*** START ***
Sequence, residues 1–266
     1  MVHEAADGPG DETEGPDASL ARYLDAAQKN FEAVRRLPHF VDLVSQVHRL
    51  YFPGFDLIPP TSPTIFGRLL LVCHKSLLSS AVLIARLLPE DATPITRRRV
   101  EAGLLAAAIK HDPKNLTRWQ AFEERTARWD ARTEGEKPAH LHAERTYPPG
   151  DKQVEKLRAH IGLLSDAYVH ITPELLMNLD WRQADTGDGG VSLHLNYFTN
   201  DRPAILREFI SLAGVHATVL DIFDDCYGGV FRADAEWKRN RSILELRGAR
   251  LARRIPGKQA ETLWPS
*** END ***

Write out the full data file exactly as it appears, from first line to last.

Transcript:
Sequence, residues 1–266
     1  MVHEAADGPG DETEGPDASL ARYLDAAQKN FEAVRRLPHF VDLVSQVHRL
    51  YFPGFDLIPP TSPTIFGRLL LVCHKSLLSS AVLIARLLPE DATPITRRRV
   101  EAGLLAAAIK HDPKNLTRWQ AFEERTARWD ARTEGEKPAH LHAERTYPPG
   151  DKQVEKLRAH IGLLSDAYVH ITPELLMNLD WRQADTGDGG VSLHLNYFTN
   201  DRPAILREFI SLAGVHATVL DIFDDCYGGV FRADAEWKRN RSILELRGAR
   251  LARRIPGKQA ETLWPS